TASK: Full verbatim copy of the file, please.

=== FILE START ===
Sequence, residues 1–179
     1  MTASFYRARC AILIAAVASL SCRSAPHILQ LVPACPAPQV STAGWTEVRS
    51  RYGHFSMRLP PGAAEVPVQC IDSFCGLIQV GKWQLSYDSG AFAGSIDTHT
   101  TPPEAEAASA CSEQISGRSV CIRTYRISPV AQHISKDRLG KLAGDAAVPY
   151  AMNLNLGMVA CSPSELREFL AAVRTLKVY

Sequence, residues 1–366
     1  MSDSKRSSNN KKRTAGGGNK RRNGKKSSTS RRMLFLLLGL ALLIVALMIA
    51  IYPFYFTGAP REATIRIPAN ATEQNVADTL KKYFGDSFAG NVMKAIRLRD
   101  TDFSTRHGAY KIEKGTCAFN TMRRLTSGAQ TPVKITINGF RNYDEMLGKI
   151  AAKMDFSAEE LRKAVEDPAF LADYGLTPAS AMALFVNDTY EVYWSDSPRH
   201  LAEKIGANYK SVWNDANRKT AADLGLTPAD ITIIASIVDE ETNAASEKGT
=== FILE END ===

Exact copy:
Sequence, residues 1–179
     1  MTASFYRARC AILIAAVASL SCRSAPHILQ LVPACPAPQV STAGWTEVRS
    51  RYGHFSMRLP PGAAEVPVQC IDSFCGLIQV GKWQLSYDSG AFAGSIDTHT
   101  TPPEAEAASA CSEQISGRSV CIRTYRISPV AQHISKDRLG KLAGDAAVPY
   151  AMNLNLGMVA CSPSELREFL AAVRTLKVY

Sequence, residues 1–366
     1  MSDSKRSSNN KKRTAGGGNK RRNGKKSSTS RRMLFLLLGL ALLIVALMIA
    51  IYPFYFTGAP REATIRIPAN ATEQNVADTL KKYFGDSFAG NVMKAIRLRD
   101  TDFSTRHGAY KIEKGTCAFN TMRRLTSGAQ TPVKITINGF RNYDEMLGKI
   151  AAKMDFSAEE LRKAVEDPAF LADYGLTPAS AMALFVNDTY EVYWSDSPRH
   201  LAEKIGANYK SVWNDANRKT AADLGLTPAD ITIIASIVDE ETNAASEKGT